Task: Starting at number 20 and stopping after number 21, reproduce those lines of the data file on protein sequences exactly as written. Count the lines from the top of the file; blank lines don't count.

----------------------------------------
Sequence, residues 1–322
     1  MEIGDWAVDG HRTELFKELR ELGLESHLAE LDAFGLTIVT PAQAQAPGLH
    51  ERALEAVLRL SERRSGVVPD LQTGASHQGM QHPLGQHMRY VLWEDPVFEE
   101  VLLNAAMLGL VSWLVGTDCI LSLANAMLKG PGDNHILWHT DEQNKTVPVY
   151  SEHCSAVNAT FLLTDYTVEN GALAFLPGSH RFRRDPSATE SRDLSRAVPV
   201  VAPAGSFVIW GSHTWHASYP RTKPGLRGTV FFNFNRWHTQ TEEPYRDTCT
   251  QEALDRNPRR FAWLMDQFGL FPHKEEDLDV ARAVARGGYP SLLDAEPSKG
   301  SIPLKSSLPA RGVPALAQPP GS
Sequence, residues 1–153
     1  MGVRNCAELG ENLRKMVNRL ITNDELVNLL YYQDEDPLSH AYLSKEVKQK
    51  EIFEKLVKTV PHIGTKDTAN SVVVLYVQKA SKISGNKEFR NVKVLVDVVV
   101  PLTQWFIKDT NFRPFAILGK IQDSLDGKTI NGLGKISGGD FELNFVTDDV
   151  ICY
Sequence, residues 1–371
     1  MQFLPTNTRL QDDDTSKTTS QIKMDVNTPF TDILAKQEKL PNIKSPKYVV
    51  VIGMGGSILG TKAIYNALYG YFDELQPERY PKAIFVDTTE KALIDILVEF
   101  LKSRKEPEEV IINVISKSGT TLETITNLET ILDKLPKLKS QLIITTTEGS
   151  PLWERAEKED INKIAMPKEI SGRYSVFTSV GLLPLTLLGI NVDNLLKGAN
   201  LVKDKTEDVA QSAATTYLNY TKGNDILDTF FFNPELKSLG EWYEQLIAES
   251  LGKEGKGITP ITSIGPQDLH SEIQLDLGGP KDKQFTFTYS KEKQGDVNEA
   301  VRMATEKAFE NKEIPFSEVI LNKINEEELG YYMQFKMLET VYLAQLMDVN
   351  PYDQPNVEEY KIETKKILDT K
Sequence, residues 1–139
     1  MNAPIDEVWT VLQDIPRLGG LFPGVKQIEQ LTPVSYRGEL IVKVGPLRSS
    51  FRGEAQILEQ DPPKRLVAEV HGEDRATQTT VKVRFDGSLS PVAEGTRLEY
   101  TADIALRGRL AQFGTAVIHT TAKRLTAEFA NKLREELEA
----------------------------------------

   251  LGKEGKGITP ITSIGPQDLH SEIQLDLGGP KDKQFTFTYS KEKQGDVNEA
   301  VRMATEKAFE NKEIPFSEVI LNKINEEELG YYMQFKMLET VYLAQLMDVN